Do consumers fall in love with brands or is brand loyalty really dead? In his book, ‘How brands grow’, Byron Sharp lifts the lid on how consumers really shop, suggesting that brands invariably end up in one of three categories: Repertoire, Destination or Long-Term. Over the next few weeks we’ll delve into the three definitions and discuss the opportunities that they present for brands. Here, we explore the role that memory plays.
Many marketers still subscribe to a romantic notion of brand loyalty (myself included), but from a practical point of view this can be misguided. The majority of consumers shop on auto-pilot, driven by a subconscious collection of previous product and brand experiences, not an undying love for the brand. The challenge for modern marketers is to understand how their consumers shop, then set strategies accordingly to ensure their brands form a part of this collective.
According to Byron Sharpe, sophisticated Mass Marketing is the solution: continuously reaching all buyers of a product category, focussing marketing efforts on two factors:
- Physical Availability – maximising distribution to ensure that your products are easy to buy
- Mental Availability – creating strong, iconic brand assets and building distinctive memory structures by being constantly ‘on-air’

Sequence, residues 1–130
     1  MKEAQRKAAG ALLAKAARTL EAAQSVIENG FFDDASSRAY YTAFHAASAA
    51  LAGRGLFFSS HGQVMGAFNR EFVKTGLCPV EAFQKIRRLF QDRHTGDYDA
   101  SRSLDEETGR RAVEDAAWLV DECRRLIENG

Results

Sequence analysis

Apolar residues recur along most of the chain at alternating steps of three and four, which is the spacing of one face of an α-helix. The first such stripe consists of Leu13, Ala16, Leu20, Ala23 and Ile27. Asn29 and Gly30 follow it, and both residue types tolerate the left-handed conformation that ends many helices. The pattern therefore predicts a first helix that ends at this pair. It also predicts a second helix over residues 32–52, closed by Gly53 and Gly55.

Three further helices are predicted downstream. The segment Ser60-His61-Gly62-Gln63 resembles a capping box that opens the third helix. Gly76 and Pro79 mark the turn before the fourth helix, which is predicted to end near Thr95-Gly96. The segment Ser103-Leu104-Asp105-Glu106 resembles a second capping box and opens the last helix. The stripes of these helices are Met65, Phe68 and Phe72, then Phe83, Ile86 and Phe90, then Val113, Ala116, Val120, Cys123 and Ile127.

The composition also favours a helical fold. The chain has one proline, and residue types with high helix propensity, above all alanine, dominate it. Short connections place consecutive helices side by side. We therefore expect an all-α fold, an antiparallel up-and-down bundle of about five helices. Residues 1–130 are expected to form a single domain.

The terms ‘reach’, ‘trial’ and ‘penetration’ have become the Holy Grail for many FMCG manufacturers.
How to build on this to improve your marketing strategy
We certainly don't disagree with Sharp but we do have something to add. By relying solely on the iconic assets of a brand to build memory structures, marketers overlook the real life experiences that shape a consumer’s perception of a brand. Strong visual identity is imperative, but so are the opinions of those around us; recommendations from friends are still the most trusted form of advertising (see Nielsen). Whether or not you subscribe to the power of word-of-mouth, conversations are being had about your brand and memory structures are being made, albeit out of sight of most marketers.
There is an opportunity here for savvy brands to incorporate consumers into their mass marketing strategy. By informing and providing the tools (samples, behind the scenes access, exclusive content etc.) to enhance those conversations, brands can influence the memory structures and subsequent triggers formed, increasing the likelihood of their products standing out from the crowd.
Because this takes place in the real world, with real people, in real households it essentially grants marketers a seat at the kitchen table; an invitation to inform the conversations about their brands, and subsequently what goes on the shopping list.
The key word is of course ‘mass’ and it is possible to deliver this activity at scale. At trnd, we help brands grow by identifying, educating and then activating millions of households who love to work with brands, to help power their marketing. To learn more, get in touch.